Andy Milne, ACC’s deputy chief executive of strategy, engagement and planning, says the organisation needs to be satisfied that a client authorises them to include personal information in their response to media queries. “We seek a signed privacy waiver form, or other verification, before speaking to anyone other than the client about their claim. The client can choose to set an expiry date for this permission.”
Both ACC and the MSD say they consider each request on a case-by-case basis. In other words, it is ultimately up to the agency to determine whether patients and clients should be allowed access to their information. “If we were not satisfied a person is able to give informed consent, we would not release information to a third party,” says Milne.
For clients who aren’t able or not deemed fit to provide a waiver, such as someone with a severe intellectual disability, agencies may accept a privacy waiver from a representative.
So has Te Whatu Ora been upholding its responsibilities around transparency?
According the privacy commissioner’s office, health agencies such as Te Whatu Ora are obligated not to disclose health information except for the purpose it was collected, unless another exception applies.
“One exception is that the health agency believes on reasonable grounds that the disclosure has been authorised by the individual concerned. This is a voluntary disclosure, and the health agency is not required to disclose information on that basis.”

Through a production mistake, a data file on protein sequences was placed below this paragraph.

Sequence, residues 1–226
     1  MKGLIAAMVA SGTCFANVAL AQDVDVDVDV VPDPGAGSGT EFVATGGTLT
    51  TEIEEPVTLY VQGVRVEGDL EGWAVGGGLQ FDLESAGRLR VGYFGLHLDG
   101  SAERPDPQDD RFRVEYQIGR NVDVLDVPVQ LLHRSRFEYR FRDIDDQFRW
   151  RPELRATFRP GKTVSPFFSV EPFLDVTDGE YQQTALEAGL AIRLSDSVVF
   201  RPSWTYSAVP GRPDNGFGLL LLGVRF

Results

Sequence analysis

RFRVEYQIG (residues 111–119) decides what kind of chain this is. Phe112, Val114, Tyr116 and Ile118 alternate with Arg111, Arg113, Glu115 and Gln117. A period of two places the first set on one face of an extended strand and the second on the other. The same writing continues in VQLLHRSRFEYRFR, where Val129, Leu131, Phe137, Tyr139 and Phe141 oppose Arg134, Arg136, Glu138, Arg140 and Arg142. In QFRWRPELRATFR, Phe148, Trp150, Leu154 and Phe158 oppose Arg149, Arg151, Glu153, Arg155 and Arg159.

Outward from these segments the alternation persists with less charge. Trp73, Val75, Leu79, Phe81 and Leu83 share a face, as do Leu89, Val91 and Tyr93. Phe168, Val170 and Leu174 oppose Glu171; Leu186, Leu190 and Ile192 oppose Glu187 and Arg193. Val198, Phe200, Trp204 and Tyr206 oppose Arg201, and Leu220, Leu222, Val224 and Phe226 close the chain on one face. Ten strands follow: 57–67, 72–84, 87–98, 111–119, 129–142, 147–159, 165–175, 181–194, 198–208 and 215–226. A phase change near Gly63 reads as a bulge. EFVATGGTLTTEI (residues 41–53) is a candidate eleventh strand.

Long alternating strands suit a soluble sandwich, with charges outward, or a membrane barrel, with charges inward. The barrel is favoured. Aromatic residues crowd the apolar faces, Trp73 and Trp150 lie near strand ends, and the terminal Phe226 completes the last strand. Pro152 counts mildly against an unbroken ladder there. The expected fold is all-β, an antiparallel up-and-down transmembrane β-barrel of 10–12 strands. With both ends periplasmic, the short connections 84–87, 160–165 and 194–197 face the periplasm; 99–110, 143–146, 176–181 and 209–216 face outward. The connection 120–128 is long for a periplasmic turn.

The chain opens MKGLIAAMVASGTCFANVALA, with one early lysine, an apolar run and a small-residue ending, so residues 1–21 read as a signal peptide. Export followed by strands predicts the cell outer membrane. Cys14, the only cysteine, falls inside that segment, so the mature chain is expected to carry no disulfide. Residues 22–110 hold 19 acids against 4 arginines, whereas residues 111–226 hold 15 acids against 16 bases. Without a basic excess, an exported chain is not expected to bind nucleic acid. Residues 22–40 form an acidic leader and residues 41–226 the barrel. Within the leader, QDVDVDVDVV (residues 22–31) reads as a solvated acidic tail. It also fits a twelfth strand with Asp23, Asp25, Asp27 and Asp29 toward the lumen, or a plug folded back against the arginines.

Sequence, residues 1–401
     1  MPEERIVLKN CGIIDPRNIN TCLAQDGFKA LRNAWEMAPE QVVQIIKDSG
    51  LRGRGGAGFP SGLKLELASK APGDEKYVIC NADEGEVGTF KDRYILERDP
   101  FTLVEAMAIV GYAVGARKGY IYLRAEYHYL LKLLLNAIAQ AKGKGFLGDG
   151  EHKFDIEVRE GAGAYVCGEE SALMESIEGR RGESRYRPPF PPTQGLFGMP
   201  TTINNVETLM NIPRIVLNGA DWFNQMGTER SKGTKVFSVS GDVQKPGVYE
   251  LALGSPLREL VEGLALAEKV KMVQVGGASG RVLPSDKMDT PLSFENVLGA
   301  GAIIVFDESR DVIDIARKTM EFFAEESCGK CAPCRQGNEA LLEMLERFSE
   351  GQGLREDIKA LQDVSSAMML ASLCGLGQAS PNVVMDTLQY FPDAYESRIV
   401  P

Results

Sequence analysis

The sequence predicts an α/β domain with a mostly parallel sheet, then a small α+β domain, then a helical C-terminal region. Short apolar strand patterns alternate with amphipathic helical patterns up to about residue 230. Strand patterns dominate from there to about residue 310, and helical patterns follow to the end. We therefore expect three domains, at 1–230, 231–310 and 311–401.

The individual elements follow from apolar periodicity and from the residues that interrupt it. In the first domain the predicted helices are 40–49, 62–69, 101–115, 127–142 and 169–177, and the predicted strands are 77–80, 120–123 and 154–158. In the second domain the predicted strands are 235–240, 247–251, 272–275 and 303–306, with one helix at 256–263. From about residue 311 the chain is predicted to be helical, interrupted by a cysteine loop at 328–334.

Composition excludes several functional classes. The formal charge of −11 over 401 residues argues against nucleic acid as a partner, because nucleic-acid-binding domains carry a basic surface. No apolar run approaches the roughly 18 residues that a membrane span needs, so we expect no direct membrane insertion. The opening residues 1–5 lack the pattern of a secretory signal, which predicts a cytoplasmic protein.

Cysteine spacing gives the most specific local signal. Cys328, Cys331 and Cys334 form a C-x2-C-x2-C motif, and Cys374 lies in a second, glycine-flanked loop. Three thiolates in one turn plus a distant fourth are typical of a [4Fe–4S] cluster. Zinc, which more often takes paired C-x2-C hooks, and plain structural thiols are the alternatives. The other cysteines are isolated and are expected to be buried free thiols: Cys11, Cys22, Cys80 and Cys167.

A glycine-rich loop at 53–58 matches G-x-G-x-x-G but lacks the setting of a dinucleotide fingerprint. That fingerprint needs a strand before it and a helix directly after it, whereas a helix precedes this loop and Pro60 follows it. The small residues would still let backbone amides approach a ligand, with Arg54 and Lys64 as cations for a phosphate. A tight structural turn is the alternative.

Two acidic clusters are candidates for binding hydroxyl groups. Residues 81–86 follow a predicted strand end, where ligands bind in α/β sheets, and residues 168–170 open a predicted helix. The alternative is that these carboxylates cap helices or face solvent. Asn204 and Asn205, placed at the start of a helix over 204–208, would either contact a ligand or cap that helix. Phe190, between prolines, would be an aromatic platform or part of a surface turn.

Section 6, which enables people to access information about themselves through a representative, has only a few restrictions, including “if disclosure would prejudice the requester’s physical or mental health or would be an unwarranted disclosure of someone else’s affairs”.
In Shelford’s case, his physical and mental health fell into a diagnosis of adjustment disorder, major depressive disorder, anxiety, complex post-traumatic stress disorder and functional neurological disorder. He and his psychologist cited the actions and inactions of Te Whatu Ora as the cause of this.
A solution on the horizon?
In mid-2023, I led a complaint on behalf of a handful of health journalists citing poor and inconsistent service provided by Te Whatu Ora’s media team and their refusal of privacy waivers.
Seven months on from the complaint the issue remains unresolved, although a Te Whatu Ora spokesperson maintains that my complaint is “very advanced” and anticipated to be “finished soon”. Dr Nick Baker, the interim chief medical officer, says that prior to the establishment of Te Whatu Ora, district health boards had varying approaches to the way privacy waivers were managed. “As a new organisation, we needed a consistent national approach to privacy waivers that supports transparency while also aligning with relevant obligations, including the Health Information Privacy Code.”
While Te Whatu Ora’s response to my complaint included some ethical concerns around privacy waivers (such as patients changing their mind afterwards or being paid in exchange for their information), the office of the privacy commissioner say they are not aware of any particular issues that have arisen out of the use of privacy waivers in health reporting.
Baker says the process is evolving, but “work on this involves gathering advice and input from those with clinical, legal and privacy expertise”, adding that “in the interests of patients, we must make sure we take the time to get this right”.
Until then, journalists will remain hampered in their ability to fact-check, and patients like Pita Shelford will continue to face bureaucratic hurdles to telling their own stories.